Ex-LPL Brokers Draw More Fraud Charges Over Annuity Sales
There are days when executives at LPL Financial may wish they had never put a variable annuity product on the company’s platform.
The Securities and Exchange Commission on Monday charged four former LPL brokers in Atlanta with selling about 200 privately-issued annuities with a face value of approximately $40 million to federal employees, who rolled over funds from their federal Thrift Savings Plan accounts to fund the purchases.
The brokers, who allegedly “fostered the misleading impression that they were in some way affiliated with or approved by the federal government,” earned about $1.7 million on the sales between March 2012 and November 2014, the SEC charged. Some of the brokers opened accounts at the broker-dealer for five investors without consent so that the annuities that “had much higher costs than alternatives” available in the federal savings plans could be sold, it said.
“Motivated by the prospect of high commissions associated with the variable annuities, the representatives targeted federal employees, aged 59½ and over, who had significant TSP account holdings that could be rolled over on a tax-free basis” into products held at annuity carriers, the civil filing said.
The enforcement action was filed the same day that the Financial Industry Regulatory Authority published a permanent bar against former LPL Financial advisor Roger S. Zullo for failing to cooperate in an investigation of allegedly fraudulent sales of variable annuities. Zullo, who was based in a Boston suburb, previously disgorged $1.9 million and paid a $40,000 fine to Massachusetts.
LPL itself ponied up $3.7 million to Massachusetts and Zullo’s customers for its supervisory lapses.
In the latest case, the SEC brought the fraud charges against brokers Christopher S. Laws, Jonathan D. Cooke, Danny S. Hood and Brandon P. Long, along with an entity called Keystone Capital Partners that they marketed as Federal Employee Benefits Counselors. Laws, 49, and Cooke, 34, cofounded Keystone in 2012, the SEC said, and Laws was the manager of the firm’s Alpharetta, Ga. branch, or Office of Supervisory Jurisdiction.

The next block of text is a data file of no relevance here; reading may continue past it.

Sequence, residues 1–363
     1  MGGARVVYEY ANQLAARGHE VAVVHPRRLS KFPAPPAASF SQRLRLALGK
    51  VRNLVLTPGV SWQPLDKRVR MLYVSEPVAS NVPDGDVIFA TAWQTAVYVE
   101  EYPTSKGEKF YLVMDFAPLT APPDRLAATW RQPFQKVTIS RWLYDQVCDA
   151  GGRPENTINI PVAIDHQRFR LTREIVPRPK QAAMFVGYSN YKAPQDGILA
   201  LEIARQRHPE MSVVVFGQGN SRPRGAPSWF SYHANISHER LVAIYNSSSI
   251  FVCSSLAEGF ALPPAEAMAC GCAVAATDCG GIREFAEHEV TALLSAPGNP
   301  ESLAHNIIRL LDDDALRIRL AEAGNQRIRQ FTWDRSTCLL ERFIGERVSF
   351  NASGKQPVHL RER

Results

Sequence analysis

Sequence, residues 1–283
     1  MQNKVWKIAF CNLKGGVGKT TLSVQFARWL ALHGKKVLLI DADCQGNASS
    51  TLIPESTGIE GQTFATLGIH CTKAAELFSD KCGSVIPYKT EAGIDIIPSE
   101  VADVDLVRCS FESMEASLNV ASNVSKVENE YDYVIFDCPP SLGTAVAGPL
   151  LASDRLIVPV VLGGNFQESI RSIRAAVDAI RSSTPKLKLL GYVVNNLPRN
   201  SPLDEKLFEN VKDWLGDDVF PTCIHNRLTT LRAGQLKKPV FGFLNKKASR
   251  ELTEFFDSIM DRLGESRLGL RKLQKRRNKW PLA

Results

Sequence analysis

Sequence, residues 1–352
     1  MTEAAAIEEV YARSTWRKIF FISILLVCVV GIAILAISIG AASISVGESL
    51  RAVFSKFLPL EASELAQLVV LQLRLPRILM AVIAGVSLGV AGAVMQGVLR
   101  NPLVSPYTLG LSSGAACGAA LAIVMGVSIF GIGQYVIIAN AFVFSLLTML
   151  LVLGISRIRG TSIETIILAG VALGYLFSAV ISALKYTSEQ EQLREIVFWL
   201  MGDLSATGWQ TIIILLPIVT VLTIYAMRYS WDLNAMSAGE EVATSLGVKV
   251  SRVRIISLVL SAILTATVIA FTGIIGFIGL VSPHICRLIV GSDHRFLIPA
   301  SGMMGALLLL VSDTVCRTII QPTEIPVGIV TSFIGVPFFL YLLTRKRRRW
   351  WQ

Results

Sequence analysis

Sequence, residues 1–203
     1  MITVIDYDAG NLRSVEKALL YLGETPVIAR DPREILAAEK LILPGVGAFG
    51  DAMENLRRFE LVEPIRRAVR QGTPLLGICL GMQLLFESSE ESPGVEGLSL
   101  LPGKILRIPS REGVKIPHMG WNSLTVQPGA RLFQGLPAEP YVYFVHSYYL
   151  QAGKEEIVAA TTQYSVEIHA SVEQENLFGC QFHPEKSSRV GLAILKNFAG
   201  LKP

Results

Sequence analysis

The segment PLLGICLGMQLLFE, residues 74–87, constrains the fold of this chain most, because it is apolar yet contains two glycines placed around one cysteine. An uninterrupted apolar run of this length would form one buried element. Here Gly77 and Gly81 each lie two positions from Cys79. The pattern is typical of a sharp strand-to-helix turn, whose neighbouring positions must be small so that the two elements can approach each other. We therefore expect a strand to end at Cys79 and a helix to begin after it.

Spokespeople for LPL, which was not named as a defendant in the SEC action, did not immediately respond to requests for comment on its role and whether it is being investigated by any regulators. The brokers “knowingly disregarded the[ir] broker dealer’s compliance procedures” by sending emails to federal employees under the Federal Employees Benefits Counselors address rather than their broker-dealer addresses, the complaint said.
LPL, the largest independent broker-dealer in the U.S., terminated Laws, Cooke and Long in December 2014 for “concerns regarding business practices, including communications with customers,” according to their BrokerCheck records. Each of the three brokers commented in responses that “they did nothing improper” and were terminated because of their “notice(s) to voluntarily resign.”
Hood, who like the others worked at an Alpharetta, Ga.-based firm called BCG Securities after leaving LPL, was not terminated. None of the brokers is currently registered with Finra, though Long and Cook remained at BCG until April of this year and Hood is majority owner of Agency Counselors, LLC, a registered investment advisory firm in Atlanta, according to his BrokerCheck history.
Stephen Councill, a lawyer at Rogers & Hardin in Atlanta who is representing Laws and Cooke, did not immediately return a call for comment. He earlier told CNN that the SEC’s press release about its action was “shockingly false and misleading,” and that his clients “did not do what the SEC claims.”
Hood, 44, did not return a message left for him at Agency Counselors, which lists robo advisor Betterment as its “investment platform.” No listing could be found for reaching Long, who is 28, according to the SEC complaint.